Researchers claim to have found that it is not necessary to have a brain in order to learn something.
The remarkable discovery was made by Prof. Simon Sprecher from the University of Fribourg, Switzerland, and his team who discovered that sea anemones which do not have a brain can nevertheless learn and adapt their behaviour based on past experiences.
His research was based on starlet sea anemones, small sea creatures listed as ‘vulnerable’ by IUCN and native to the US coast, but later introduced to England.
In a press release from the University obtained by Newsflash, they reported: “We spontaneously associate the faculties of learning and memorization with the existence of a brain. Indeed, science already knows quite a lot about the various functions located in different zones of the brains of humans, mice, and insects.”
Yet in the case of the sea and enemies the Swiss team working together with Spanish colleagues found that they had a high capability of sophisticated learning despite having no brain.
For the study, Prof. Sprecher and his team conducted classical conditioning experiments involving light and an electric shock to investigate the learning skills of the species Nematostella vectensis.
Classical conditioning involves the pairing of an initially neutral event with a biologically significant outcome in the form of either a reward or a negative consequence.
The scientists then randomly assigned groups of 10 or 18 starlet sea anemones to either paired trials in which light and electric pulses were in tune or unpaired trials in which the pulses occurred out of sync.
The researchers then used small electric shocks to make the animals retract their tentacles, training them by giving them the shock at the same time as light or at different times.
They later tested their reaction to light only, and noticed that the individuals that received light and electric shocks together had adapted their behaviour and reacted to light alone after conditioning.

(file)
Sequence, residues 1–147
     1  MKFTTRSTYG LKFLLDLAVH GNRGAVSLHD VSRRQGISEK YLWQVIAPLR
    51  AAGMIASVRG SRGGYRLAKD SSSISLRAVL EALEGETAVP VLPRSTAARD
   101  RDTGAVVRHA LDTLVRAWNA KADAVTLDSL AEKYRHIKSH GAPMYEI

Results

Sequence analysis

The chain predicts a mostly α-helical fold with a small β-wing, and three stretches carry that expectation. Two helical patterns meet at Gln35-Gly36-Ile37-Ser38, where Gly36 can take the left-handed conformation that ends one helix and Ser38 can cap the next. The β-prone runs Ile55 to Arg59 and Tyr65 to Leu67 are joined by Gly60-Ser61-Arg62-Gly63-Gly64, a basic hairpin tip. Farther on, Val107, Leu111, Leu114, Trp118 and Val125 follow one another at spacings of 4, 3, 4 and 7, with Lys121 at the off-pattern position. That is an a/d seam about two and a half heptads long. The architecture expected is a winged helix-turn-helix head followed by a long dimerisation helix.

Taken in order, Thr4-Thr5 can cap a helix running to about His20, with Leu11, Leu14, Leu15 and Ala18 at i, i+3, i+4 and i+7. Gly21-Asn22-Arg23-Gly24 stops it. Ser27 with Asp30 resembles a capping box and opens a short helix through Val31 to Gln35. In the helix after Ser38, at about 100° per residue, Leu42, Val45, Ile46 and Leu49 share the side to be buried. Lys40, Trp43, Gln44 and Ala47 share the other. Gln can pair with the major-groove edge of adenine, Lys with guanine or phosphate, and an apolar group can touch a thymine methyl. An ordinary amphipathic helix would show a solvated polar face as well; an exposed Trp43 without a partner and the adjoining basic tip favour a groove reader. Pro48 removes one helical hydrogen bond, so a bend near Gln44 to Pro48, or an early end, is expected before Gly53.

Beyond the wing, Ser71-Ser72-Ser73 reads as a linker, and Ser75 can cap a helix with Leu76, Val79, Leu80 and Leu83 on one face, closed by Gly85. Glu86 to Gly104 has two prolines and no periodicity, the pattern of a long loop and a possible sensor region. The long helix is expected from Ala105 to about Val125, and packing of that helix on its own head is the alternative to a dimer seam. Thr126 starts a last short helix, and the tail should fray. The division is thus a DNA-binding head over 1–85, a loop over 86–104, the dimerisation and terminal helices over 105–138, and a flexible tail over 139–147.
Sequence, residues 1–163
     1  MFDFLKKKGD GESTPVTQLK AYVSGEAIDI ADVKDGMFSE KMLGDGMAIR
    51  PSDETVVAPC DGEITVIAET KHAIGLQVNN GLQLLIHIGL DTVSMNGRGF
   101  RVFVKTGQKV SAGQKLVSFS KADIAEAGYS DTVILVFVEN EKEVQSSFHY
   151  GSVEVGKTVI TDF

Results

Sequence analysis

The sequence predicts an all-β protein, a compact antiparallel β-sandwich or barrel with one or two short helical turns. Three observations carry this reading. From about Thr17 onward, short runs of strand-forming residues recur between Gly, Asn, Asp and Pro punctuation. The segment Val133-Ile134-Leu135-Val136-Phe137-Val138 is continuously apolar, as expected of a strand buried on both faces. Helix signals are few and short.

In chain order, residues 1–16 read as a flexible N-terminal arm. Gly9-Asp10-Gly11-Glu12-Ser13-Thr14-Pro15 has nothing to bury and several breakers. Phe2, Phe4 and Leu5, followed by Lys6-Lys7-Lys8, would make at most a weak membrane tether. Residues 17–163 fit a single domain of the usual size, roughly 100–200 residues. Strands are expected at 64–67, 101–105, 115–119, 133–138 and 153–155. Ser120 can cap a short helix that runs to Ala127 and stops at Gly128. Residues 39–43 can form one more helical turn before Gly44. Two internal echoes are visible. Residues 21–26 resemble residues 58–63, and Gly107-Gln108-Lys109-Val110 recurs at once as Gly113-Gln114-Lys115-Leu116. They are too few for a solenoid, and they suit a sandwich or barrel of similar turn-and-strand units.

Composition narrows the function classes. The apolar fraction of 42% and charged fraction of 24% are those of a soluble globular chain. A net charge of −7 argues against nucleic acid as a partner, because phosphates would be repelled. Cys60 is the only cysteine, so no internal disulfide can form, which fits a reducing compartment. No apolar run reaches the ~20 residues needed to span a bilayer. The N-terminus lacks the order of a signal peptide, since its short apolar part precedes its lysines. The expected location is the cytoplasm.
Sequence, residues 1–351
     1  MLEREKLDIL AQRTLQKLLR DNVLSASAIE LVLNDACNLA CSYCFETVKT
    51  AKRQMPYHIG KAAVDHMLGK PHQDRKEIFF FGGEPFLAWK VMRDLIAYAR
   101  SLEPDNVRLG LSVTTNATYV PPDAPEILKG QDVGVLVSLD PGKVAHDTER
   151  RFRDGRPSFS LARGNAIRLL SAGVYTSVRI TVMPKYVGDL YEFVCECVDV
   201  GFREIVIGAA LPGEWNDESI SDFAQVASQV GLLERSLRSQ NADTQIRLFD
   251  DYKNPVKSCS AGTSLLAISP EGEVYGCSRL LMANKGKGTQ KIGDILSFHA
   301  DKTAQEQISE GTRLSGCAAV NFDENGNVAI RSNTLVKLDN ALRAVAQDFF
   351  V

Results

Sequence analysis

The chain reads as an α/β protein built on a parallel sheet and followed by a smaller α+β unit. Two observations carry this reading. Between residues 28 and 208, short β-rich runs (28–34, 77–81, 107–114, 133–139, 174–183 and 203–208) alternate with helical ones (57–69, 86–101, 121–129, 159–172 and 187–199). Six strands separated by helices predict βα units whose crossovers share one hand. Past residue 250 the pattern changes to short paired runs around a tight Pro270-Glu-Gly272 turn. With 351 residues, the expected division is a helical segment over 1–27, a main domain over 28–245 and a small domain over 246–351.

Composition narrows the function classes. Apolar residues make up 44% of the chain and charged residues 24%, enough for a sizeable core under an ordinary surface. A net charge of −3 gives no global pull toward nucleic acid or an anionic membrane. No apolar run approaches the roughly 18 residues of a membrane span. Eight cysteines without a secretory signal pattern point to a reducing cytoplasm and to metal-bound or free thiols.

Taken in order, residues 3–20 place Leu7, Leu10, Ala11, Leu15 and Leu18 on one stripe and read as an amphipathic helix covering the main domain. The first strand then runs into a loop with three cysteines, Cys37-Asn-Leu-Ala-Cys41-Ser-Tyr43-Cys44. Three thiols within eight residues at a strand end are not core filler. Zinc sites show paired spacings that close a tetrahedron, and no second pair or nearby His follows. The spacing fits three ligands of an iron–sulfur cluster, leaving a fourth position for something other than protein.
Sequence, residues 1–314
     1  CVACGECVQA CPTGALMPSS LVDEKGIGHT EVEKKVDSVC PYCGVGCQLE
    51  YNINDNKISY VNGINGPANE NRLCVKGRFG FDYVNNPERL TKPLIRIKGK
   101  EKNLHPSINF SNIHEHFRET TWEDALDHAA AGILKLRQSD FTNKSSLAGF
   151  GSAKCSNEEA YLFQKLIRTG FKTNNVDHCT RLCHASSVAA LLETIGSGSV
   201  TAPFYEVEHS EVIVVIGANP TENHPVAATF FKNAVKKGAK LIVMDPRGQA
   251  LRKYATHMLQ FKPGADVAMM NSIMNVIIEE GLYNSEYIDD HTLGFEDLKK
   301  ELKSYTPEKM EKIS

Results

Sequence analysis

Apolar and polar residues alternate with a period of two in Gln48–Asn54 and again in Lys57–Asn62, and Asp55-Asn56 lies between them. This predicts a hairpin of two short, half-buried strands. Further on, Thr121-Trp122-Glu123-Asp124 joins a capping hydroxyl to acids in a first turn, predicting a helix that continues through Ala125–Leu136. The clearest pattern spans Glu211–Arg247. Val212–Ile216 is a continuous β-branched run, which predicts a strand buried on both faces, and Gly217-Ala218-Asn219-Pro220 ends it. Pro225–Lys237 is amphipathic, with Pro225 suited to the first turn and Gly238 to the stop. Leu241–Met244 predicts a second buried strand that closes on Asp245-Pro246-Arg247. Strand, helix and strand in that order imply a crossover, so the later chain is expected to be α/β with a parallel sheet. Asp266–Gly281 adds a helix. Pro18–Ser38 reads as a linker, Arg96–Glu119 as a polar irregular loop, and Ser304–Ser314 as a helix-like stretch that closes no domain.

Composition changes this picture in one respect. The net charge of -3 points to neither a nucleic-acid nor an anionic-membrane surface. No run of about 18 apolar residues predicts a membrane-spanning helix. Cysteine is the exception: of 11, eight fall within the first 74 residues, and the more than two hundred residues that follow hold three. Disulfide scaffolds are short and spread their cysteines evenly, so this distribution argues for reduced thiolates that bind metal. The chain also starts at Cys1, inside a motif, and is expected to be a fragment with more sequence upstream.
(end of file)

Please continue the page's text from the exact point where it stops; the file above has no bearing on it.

Additionally, the group of sea anemones that had previously received the shock at the same time as the light, a total of 72 per cent retracted their tentacles at the light alone.
This – according to the scientists – was more than double the reaction rate (30 per cent) of the animals trained with the shock and light at different times.
University of Fribourg neurobiologist and senior author of the study Simon Sprecher said: “This is exactly what is called associative learning.
“Proof that even animals without brains are able to display complex behavior thanks to their nervous system.”
Software used to measure the extent of the animals’ retractions at each point of the test discovered that the maximum length of retraction was significantly longer in animals trained with the shock and light together compared to the unpaired group.
The authors said: “Overall, these animals displayed a quantitatively and qualitatively different behavioral response compared to control animals that received unpaired stimuli.
“In most model organisms, defined neural circuits and molecular mechanisms responsible for specific forms of memories have been identified.
“We know very little about the workings of the learning process in animals that have an apparently simple nervous system.”
“So we have the necessary framework to push our research further.”
The study was published in the peer-reviewed journal ‘Proceedings of the National Academy of Sciences’ on Monday, 20th March.
Prof Sprecher added: “These observations raise another question. When and how did the ability to learn emerge in evolution. The first ancestors of all the animals that possess a brain lived around 560 million years ago. Those endowed with a nervous system appeared 100 to 150 million years before that.
“Have animals that are capable of learning existed for even longer than we have thought until now? That is a very interesting question that certainly deserves study.”